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Fast and safe: accelerated gradient methods with optimality certificates and underestimate sequences

Abstract

In this work we introduce the concept of an Underestimate Sequence (UES), which is motivated by Nesterov’s estimate sequence. Our definition of a UES utilizes three sequences, one of which is a lower bound (or under-estimator) of the objective function. The question of how to construct an appropriate sequence of lower bounds is addressed, and we present lower bounds for strongly convex smooth functions and for strongly convex composite functions, which adhere to the UES framework. Further, we propose several first order methods for minimizing strongly convex functions in both the smooth and composite cases. The algorithms, based on efficiently updating lower bounds on the objective functions, have natural stopping conditions that provide the user with a certificate of optimality. Convergence of all algorithms is guaranteed through the UES framework, and we show that all presented algorithms converge linearly, with the accelerated variants enjoying the optimal linear rate of convergence.

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Acknowledgements

This work was partially supported by the U.S. National Science Foundation, under award numbers NSF:CCF:1618717 and NSF:CCF:1740796.

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Appendices

Appendix 1: A comparison of a UES and Nesterov’s ES

Here we briefly compare the definition of an underestimate sequence with Nesterov’s definition of an estimate sequence. The original definition of an ES only applied to smooth functions that satisfy Assumption 1 so we restrict our discussion to this case. Moreover, we will assume that the same sequence \(\{\alpha _k\}_{k=0}^{\infty }\) is used when discussing a UES and an ES. Consider the following definition.

Definition 2

(Definition 2.2.1 in [21]) A pair of sequences \(\{\phi _k^N(x)\}_{k=0}^{\infty }\) and \(\{\lambda _k^N\}_{k=0}^{\infty }\) \(\lambda _k^N \ge 0\) is called an estimate sequence of function f(x) if

  1. (i)

    \(\lambda _k^N \rightarrow 0\); and

  2. (ii)

    for any \(x \in {\mathbb {R}}^n\) and all \(k\ge 0\) we have \(\phi _k^N(x) \le (1-\lambda _k^N)f(x) + {{\lambda _k^N}} \phi _0^N(x).\)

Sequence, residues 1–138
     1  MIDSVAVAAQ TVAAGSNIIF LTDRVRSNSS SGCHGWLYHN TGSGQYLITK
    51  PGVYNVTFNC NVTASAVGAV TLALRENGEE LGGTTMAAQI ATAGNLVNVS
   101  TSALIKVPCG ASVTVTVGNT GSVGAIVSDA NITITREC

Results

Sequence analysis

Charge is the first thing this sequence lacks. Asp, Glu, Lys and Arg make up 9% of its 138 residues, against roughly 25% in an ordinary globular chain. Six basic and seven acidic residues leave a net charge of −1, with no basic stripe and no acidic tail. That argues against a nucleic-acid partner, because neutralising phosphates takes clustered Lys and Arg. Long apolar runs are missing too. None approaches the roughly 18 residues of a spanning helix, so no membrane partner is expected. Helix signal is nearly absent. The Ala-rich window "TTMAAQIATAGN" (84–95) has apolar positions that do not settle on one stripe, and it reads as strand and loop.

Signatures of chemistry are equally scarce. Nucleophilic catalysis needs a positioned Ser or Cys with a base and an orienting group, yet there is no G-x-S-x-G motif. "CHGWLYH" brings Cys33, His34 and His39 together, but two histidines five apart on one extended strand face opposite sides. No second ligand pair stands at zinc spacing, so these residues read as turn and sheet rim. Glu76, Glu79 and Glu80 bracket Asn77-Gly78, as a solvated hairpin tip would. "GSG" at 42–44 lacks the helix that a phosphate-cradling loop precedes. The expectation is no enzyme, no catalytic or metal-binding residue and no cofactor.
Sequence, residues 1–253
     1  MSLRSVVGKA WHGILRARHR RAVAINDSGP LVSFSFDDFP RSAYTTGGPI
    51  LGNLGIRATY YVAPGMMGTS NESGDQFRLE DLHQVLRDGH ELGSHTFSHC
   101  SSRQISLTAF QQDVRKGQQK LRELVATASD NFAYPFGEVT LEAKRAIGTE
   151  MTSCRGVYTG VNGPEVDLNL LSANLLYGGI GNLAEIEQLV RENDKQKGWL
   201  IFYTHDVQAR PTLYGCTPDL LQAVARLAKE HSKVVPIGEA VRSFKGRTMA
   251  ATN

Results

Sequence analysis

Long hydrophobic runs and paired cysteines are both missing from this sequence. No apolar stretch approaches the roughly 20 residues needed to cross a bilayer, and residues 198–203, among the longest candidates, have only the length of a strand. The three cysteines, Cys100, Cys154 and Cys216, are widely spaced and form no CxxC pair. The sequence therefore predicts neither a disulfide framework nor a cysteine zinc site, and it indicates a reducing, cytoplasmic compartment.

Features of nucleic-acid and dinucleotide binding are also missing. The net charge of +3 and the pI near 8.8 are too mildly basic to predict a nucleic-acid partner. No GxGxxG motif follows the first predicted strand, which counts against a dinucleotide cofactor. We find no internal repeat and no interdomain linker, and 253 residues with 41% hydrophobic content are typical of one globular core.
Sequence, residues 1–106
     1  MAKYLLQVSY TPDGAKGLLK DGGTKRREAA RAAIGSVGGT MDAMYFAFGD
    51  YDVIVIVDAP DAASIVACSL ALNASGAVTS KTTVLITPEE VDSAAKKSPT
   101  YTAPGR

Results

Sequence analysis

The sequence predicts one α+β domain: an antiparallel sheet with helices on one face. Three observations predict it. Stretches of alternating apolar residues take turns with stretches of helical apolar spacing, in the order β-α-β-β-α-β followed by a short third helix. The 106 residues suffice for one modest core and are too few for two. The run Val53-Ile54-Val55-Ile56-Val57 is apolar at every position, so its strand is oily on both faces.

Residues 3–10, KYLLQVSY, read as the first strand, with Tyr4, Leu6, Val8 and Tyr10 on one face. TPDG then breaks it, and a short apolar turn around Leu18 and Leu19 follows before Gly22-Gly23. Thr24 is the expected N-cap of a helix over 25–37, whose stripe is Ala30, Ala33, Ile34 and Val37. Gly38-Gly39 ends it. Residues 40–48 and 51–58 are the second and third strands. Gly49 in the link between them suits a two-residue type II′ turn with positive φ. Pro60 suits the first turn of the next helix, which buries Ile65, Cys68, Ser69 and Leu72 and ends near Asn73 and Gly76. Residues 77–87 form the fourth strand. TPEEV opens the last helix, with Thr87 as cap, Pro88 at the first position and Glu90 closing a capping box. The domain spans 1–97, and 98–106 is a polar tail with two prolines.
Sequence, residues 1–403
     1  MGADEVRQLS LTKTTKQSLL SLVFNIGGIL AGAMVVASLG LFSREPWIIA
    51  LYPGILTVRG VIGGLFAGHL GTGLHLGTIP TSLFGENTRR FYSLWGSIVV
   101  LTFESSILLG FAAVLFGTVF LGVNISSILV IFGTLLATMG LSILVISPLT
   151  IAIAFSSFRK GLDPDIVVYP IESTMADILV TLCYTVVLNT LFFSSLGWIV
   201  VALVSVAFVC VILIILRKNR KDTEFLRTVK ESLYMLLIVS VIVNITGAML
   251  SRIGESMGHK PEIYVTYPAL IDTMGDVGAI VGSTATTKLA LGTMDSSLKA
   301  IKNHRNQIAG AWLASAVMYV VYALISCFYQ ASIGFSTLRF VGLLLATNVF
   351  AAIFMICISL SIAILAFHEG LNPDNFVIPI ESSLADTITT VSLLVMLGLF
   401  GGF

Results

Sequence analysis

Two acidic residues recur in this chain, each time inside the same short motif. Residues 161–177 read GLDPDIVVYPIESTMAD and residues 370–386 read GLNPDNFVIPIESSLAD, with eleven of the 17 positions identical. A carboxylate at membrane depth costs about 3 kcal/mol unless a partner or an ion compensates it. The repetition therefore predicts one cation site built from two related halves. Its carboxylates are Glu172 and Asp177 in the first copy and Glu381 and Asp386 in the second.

The definition is general and does not say anything about convergence. With this in mind, Nesterov’s ES is coupled with the following lemma.

Lemma 10

(Lemma 2.2.1 in [21]) If for some sequence \(\{x_k\}\) we have

$$\begin{aligned} f(x_k) \le (\phi _k^N)^* :=\min _{x\in {\mathbb {R}}^n} \phi _k^N(x), \end{aligned}$$
(57)

then \(f(x_k) - f^* \le \lambda _k^N (\phi _0^N(x^*) - f^*)\rightarrow 0\).

The first observation to make is the clear difference between f and \(\phi _k(x)\) for a UES and an ES. In particular, for a UES, at every iteration it holds that \(\phi _k(x)\le F(x)\) (4) so every \(\phi _k(x)\) (\(k\ge 0\)) is a global underestimate (global lower bound) of the objective function for all \(x\in {\mathbb {R}}^n\). However, for an ES, the function \(\phi _k^N(x)\) is not necessarily a global upper bound for f and it is necessarily not a global lower bound for f. What must hold is that, at iteration k, the minimizer of the approximation function \(\phi _k^N(x)\) must be at least as large as \(f(x_k)\) (the value of the objective function at the current point).

A second major differences that one observes is as follows. If an algorithm generates a series of sequences that form a UES (satisfying Definition 1), then (assuming \(\sum _{k=0}^{\infty } \alpha _k = \infty \)), the algorithm is guaranteed to converge (see Proposition 1). On the other hand, if an algorithm generates a series of sequences that form an ES (satisfying Definition 2), there is no such algorithm convergence guarantee. This statement is made concrete by considering the next lemma and the text that follows it.

Lemma 11

(Lemma 2.2.2 in [21]) Assume that (1) f satisfies Assumption 1, (2) \(\phi _0^N(x)\) is an arbitrary function on \({\mathbb {R}}^n\), (3) \(\{y_k\}_{k=0}^{\infty }\) is an arbitrary sequence in \({\mathbb {R}}^n\), (4) \(\{\alpha _k\}_{k=0}^{\infty }\) with \(\alpha _k \in (0,1)\) and \(\sum _{k=0}^{\infty } \alpha _k = \infty \) and (5) \(\lambda _0^N = 1\). Then the pair of sequences \(\{\phi _k^N(x)\}_{k=0}^{\infty }\) and \(\{\lambda _k^N\}_{k=0}^{\infty }\) recursively defined by

$$\begin{aligned} \lambda _{k+1}^N & = (1-\alpha _k)\lambda _k^N, \end{aligned}$$
(58)
$$\begin{aligned} \phi _{k+1}^N(x) & = (1-\alpha _k)\phi _k^N(x)\nonumber \\&\quad+\, \alpha _k\Big (f(y_k) + \langle \nabla f(y_k),x-y_k \rangle + \tfrac{\mu }{2}\Vert {x-y_k}\Vert ^2\Big ) \end{aligned}$$
(59)

is an estimate sequence.

Combining (36), with (33) and (16) shows that \(\phi _{k+1}(x)\) in (36) is equivalent to \(\phi _{k+1}^N(x)\) in (59) and therefore, the construction in this work is an estimate sequence (\(\phi _{k+1}(x) \equiv \phi _{k+1}^N(x)\)). However, we will now show that the construction does not satisfy (57), and therefore, even though the iterates generated by SUESA/ASUESA form an estimate sequence, Lemma 10cannot be used to prove convergence of SUESA/ASUESA.